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A virtual tour of Esther’s tomb? In L.A., one man’s lonely mission to archive Iranian Jewish culture

Celebrating Purim is bittersweet for Fariborz Moradzadeh, an Iranian Jewish businessman in Los Angeles.

In the 43 years since arriving in L.A., he has been unable to return to his birth city of Hamedan in Iran and visit the burial site of Purim’s heroine Esther and hero Mordechai located nearby. The Iranian regime’s random arrests of Iranian Americans and Jews makes such visits all but impossible.

But this Purim Moradzadeh hopes to be able to visit Esther’s tomb virtually through, a website that is trying to provide a virtual 3-D tour of the Esther and Mordechai mausoleum.

The 3-D tour is still glitchy and the site, in Farsi with some English, difficult to navigate. But those drawbacks don’t dissuade Moradzadeh and others who are proud there’s an online home for Iranian Jewish heritage even if, as they claim, wealthy Iranian Jews aren’t interested in funding it.

The site is the brainchild of Los Angeles Iranian Jewish small businessman Yousef Setareh-Shenas, who nearly 15 years ago created the Persian-language online forum to preserve Iranian Jewish history, culture and information — and which he runs on a shoestring without help from far wealthier members of the community.

“I realized that we as Iran’s Jews are gradually losing our history and heritage because the majority of the community live here in America are unconcerned with the past,” said Setareh-Shenas, who is in his late 60’s.

Yousef Setareh-Shenas, founder of

Yousef Setareh-Shenas, founder of Courtesy of Yousef Setareh-Shenas

The site now contains nearly 40,000 photos, 400 biographies of prominent Iranians Jews, panoramic photos of all of Iran’s total 110 operational and defunct synagogues as well as photos of important Jewish sites like the tombs of Esther and Mordechai.

Likewise the site contains thousands of individual photos of Jewish headstones from Jewish cemeteries in Tehran and other Iranian cities.

In addition, the site contains hundreds of pages about the community’s 2,700 year history as well as nearly 300 individual videos of Jewish sites throughout Iran, as well as interviews of older Iranian Jews speaking the older Judeo-Persian languages from their respective cities.

“We have been trying to keep the past generations of our ancestors in Iran connected with the current generation alive today and with future generations,” said Setareh-Shenas, who also runs the small non-profit organization that owns the site. The site is largely in Farsi, with a few English-language pages which he hopes to expand — with additional funding.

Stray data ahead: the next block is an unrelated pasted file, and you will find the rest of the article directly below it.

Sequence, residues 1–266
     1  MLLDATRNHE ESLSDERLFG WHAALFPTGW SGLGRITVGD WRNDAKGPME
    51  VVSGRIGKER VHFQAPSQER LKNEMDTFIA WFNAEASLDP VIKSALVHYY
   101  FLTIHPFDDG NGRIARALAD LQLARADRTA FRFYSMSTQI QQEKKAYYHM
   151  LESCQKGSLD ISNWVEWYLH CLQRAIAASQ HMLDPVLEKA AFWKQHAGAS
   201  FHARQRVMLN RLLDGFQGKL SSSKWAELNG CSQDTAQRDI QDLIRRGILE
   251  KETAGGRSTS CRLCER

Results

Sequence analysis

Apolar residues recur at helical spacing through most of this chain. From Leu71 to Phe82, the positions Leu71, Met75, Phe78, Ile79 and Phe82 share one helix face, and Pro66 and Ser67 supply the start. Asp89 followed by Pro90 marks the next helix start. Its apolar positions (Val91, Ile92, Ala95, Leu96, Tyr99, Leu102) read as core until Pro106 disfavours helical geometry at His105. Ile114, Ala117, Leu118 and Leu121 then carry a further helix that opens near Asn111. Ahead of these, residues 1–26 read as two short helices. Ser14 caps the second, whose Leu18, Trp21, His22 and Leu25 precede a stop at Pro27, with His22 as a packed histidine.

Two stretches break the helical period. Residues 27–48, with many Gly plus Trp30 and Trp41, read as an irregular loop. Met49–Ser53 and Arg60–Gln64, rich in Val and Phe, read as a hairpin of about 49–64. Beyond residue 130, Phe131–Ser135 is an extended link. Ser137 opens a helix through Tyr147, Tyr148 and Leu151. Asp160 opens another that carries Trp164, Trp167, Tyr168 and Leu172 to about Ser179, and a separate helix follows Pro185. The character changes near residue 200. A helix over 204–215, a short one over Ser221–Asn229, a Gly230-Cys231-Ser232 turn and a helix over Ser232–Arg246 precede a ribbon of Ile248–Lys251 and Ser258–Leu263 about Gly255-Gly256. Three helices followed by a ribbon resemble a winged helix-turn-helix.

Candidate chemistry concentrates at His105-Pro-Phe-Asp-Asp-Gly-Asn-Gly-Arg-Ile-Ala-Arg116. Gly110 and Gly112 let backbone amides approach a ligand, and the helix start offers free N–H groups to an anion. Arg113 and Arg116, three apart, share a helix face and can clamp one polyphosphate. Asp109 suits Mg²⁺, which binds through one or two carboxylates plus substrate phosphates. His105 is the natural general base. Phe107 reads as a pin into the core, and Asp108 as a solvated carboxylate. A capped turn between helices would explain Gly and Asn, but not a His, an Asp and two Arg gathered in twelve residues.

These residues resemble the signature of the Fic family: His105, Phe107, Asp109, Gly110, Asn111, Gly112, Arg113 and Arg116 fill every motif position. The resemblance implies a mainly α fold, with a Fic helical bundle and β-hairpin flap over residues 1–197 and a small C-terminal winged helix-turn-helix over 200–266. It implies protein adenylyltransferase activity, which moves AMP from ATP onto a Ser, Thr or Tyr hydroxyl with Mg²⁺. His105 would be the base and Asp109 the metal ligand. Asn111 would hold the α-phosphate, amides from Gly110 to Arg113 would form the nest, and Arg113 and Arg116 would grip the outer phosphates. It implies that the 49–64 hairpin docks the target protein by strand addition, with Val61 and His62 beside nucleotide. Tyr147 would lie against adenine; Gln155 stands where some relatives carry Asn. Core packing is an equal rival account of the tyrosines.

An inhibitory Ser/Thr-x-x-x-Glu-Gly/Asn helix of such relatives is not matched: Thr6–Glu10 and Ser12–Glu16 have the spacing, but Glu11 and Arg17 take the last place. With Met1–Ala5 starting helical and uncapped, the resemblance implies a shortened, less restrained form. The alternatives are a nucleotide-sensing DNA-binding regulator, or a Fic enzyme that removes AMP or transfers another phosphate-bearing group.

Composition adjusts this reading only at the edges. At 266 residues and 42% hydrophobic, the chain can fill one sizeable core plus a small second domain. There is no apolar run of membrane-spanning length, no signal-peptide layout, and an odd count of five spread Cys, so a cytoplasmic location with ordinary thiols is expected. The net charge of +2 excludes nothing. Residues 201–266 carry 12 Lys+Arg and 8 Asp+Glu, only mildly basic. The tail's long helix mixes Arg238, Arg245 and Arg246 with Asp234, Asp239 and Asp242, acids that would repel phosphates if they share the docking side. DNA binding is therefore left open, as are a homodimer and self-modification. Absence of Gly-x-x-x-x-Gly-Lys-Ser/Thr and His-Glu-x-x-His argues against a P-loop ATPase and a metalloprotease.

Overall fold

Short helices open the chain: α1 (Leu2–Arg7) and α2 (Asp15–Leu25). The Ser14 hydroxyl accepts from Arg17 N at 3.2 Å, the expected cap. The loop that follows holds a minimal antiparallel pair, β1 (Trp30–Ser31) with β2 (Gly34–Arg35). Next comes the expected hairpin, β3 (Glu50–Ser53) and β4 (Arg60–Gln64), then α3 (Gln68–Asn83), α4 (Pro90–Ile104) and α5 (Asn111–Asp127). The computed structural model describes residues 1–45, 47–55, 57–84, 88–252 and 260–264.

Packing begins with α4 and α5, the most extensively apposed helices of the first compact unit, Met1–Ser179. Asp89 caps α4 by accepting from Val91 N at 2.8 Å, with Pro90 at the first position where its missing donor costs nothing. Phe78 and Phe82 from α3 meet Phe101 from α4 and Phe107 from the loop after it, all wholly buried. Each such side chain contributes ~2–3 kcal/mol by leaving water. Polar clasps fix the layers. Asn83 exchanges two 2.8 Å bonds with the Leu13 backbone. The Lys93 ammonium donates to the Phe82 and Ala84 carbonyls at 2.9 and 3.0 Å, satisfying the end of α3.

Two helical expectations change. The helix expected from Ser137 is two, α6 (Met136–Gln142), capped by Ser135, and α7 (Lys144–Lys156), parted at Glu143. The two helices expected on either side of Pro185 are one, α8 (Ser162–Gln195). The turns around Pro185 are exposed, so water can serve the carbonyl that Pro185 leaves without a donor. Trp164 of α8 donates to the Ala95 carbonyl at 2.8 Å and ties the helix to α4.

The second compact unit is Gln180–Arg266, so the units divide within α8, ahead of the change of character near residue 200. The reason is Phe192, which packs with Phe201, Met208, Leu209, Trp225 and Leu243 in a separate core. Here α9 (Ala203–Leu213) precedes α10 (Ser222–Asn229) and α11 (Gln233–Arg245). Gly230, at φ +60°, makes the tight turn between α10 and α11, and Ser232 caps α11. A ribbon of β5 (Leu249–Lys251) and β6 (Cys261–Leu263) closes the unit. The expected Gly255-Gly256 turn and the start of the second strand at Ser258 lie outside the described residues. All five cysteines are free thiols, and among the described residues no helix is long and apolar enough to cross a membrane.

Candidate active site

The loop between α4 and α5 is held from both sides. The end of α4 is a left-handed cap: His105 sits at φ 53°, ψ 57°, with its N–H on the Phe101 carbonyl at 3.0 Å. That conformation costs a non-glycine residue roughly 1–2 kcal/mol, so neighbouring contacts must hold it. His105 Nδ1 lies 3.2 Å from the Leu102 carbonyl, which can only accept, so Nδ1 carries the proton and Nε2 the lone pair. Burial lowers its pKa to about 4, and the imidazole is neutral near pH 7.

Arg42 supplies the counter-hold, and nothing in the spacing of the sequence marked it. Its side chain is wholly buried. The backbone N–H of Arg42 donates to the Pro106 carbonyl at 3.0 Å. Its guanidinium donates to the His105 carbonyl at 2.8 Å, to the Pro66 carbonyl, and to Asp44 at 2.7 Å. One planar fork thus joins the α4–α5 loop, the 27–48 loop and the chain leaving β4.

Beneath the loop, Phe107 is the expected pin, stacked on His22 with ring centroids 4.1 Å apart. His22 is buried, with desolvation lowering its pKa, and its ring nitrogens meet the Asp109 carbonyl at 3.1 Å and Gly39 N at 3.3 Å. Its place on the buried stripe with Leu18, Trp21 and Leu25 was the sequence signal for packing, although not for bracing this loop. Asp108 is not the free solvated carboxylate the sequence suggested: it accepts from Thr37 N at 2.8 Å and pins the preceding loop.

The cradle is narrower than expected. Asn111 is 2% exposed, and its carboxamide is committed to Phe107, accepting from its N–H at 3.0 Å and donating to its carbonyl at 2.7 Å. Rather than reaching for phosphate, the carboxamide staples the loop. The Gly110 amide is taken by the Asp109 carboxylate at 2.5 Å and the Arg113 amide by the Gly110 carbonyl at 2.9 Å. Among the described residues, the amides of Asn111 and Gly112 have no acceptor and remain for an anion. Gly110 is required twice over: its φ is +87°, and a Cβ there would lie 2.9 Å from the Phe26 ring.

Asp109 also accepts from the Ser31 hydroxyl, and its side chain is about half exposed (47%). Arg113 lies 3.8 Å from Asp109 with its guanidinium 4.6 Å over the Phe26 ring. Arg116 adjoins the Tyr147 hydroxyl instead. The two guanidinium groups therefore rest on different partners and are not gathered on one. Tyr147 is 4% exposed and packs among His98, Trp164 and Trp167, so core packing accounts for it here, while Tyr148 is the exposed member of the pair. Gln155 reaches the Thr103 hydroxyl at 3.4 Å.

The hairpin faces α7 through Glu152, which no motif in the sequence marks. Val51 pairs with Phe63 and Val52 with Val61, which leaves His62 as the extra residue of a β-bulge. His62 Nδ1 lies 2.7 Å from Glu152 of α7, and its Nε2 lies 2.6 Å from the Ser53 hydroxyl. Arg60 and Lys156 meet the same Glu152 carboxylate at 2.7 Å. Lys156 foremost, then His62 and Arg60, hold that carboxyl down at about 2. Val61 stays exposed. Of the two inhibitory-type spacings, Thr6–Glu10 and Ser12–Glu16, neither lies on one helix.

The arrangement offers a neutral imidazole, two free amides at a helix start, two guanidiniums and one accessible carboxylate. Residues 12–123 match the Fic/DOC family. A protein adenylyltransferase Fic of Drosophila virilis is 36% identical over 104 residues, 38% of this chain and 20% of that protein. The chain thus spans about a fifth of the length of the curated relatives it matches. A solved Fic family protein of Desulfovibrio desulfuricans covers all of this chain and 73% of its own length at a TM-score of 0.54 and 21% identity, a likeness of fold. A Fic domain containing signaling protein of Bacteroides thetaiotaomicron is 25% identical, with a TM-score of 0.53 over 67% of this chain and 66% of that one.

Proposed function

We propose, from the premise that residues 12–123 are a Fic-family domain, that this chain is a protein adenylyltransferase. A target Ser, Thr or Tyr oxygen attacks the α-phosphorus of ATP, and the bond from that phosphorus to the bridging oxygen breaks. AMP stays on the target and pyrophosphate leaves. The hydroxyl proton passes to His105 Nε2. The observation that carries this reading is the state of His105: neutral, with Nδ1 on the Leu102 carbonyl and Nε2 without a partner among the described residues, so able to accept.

Tomb of Esther and Mordechai Image by Wikimedia Commons

No expert counts exist, but Iranian Jewish community leaders estimate that nearly 40,000 Iranian Jews live in Southern California, about 25,000 live in New York, roughly 100,00 Jews of full or partial Iranian origin live in Israel and only 5,000 to 8,000 Jews remain in Iran.

One thing they have in common: a special affection for Purim, the Jewish holiday that begins at sundown Feb 25 this year.

The story of Purim took place in ancient Iran, and its heroes Esther’s and Mordecai’s burial site — established by tradition if not historical fact — remains an important pilgrimage site. The website helps connect Iranian Jews to the Persian roots of the holiday, said George Haroonian, an Iranian Jewish activist in L.A.

For some Iranian Jews, the site has rekindled fond memories of their Purim traditions from Iran. Frank Nikbakht, who heads the L.A.-based Committee For Minority Rights in Iran and was born in Hamedan, said some Iranian Jewish women and children in the past would often gather inside the small shrine where Esther and Mordechai are purportedly buried to pray and retell the Purim story.

“You could say that Purim was mostly a women’s celebration in Iran, with Queen Esther at the center of it,” said Nikbakht. “Most people would bake sweet bread and send it to relatives’ homes, while brides would receive all kinds of gifts from their families on Purim. Women would make dolls of Haman and hit them against the floors whenever Haman’s name was mentioned in synagogues or gatherings as they were sitting on the ground.”

Nahid Pirnazar

Nahid Pirnazar Courtesy of UCLA/ Near Eastern Languages and Cultures